The narrator begins by recounting events in her adolescence, when she lived in Pittman County in rural Kentucky and was known as Missy. Since then, she has changed her name to Taylor. (To avoid confusion, she is referred to as Taylor throughout this summary.) Taylor tells the story of Newt Hardbine’s father, who was inflating his tractor tire when it overfilled and exploded, throwing him to the top of a Chevron sign. The accident left him deaf. Taylor explains that she and Newt Hardbine look like brother and sister. Like the Hardbines, Taylor and her mother are poor. Taylor says that no one could predict whether she or Newt would be the one to “get away.”

Taylor continues to attend high school, and Newt drops out to work on his father’s tobacco field. He impregnates a girl named Jolene Shanks and marries her. Many girls at the high school drop out to have babies, but Taylor makes up her mind to avoid pregnancy. She credits her handsome science teacher Mr. Hughes Walter for changing her life, since he tells his class of a “real job” working at Pittman County Hospital. With her mother’s encouragement, Taylor applies for the job and gets it.

One day, when Taylor is working at the hospital, Jolene and Newt are brought into the emergency room. Jolene’s shoulder is bleeding from a bullet wound, and Newt is dead. From clues and insinuations, we gather that years of abuse and neglect from his father led Newt to shoot Jolene and himself. The horror of the scene makes Taylor vomit. Later that night she decides she will not quit her job, since she has survived the worst she will see.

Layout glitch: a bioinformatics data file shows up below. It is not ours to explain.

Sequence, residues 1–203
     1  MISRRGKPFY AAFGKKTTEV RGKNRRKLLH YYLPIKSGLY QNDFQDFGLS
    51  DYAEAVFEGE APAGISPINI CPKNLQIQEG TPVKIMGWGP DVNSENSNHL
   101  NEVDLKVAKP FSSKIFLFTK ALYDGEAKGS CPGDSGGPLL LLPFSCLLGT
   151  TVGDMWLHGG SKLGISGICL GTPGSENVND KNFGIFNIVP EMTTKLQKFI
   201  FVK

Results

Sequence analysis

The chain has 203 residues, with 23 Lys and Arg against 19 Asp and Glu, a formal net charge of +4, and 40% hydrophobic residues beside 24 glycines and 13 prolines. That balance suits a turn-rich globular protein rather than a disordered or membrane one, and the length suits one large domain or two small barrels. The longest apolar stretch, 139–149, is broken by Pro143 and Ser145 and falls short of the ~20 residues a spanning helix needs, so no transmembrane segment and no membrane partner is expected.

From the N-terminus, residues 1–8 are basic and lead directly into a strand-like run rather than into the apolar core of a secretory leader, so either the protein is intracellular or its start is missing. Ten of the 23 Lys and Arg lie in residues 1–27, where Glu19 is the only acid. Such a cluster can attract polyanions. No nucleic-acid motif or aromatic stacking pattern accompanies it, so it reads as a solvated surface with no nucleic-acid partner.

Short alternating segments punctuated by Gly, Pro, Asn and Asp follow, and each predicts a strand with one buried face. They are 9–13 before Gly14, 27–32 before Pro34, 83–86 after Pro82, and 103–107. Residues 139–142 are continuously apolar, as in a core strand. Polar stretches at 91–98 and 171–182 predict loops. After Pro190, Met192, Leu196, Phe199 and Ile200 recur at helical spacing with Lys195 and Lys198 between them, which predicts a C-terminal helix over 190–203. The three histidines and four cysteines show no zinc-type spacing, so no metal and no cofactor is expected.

With the money Taylor earns from her job, she buys a rundown ’55 Volkswagen bug and decides to leave Pittman for good. Her mother realizes that Taylor wants to leave and makes her daughter prove that she can change the car tires and tend to the car if it breaks down. As she drives off, Taylor (who at this point still goes by the name Missy) promises herself that she will change her name by driving until the gas runs out and naming herself after whatever town she happens to land in. She ends up calling herself Taylor because she runs out of gas in Taylorville. She also promises herself to drive west until her car dies and then settle wherever she ends up. She breaks the second promise when the bug dies on the Great Plains of Oklahoma, a vast expanse that depresses Taylor with its flatness.

Taylor’s car breaks down in the Cherokee Nation in Oklahoma. Taylor and her mother have “head rights”—that is, they have enough Cherokee blood that they are permitted to live in the Cherokee Nation if they choose. Taylor finds the Nation disappointing. Exhausted, she stops in a bar for some coffee. She picks out a postcard decorated with a picture of two Indian women on it, one of whom is wearing red and turquoise, Taylor’s favorite colors. At the bar sit an Indian man and a mean-looking white cowboy. An Indian woman sits at a table, looking cautiously at the men. When Taylor gets into her car to leave, the woman follows her and sets a baby down in the passenger seat, telling her to take it. She says only that the baby belongs to her dead sister and that Taylor should not go back into the bar. Then she walks away, leaving the baby with Taylor.

Taylor starts driving. She cannot determine the child’s gender, and it keeps so quiet that Taylor wonders whether it is alive or dead. When Taylor realizes the child has wet itself, she stops at a motel, where she persuades the kind woman working at the front desk to let them stay free of charge. In the motel room, Taylor gives the child a bath and sees that it is a girl and that she has been bruised and sexually abused. Taylor, shocked, almost throws up. She puts the baby to bed and writes a postcard to her mother, saying, “I found my head rights, Mama. They’re coming with me.”